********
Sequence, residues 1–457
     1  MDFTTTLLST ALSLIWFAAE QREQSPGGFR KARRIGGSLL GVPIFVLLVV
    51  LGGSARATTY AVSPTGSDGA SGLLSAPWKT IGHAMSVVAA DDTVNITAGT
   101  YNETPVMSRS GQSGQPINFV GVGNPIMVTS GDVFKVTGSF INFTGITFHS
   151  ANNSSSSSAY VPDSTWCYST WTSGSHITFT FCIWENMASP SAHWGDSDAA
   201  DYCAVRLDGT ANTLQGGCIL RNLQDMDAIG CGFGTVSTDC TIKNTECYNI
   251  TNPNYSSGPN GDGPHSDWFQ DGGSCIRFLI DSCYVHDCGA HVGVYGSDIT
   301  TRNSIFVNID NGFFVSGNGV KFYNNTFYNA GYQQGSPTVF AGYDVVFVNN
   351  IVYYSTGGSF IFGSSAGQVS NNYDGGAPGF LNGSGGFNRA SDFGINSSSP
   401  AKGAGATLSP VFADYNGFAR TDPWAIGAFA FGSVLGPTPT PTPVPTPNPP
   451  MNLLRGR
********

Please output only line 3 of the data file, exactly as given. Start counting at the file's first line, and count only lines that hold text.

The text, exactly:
    51  LGGSARATTY AVSPTGSDGA SGLLSAPWKT IGHAMSVVAA DDTVNITAGT